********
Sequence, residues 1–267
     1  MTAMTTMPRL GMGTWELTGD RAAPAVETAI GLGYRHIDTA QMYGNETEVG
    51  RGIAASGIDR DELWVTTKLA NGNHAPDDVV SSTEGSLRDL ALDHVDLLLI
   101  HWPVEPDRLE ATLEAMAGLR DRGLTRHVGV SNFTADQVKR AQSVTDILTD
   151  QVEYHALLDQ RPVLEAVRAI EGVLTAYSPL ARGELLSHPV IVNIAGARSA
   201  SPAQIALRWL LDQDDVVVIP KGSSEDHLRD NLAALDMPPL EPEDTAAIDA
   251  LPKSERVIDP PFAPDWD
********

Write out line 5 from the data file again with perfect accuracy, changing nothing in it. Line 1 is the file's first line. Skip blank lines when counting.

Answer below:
   151  QVEYHALLDQ RPVLEAVRAI EGVLTAYSPL ARGELLSHPV IVNIAGARSA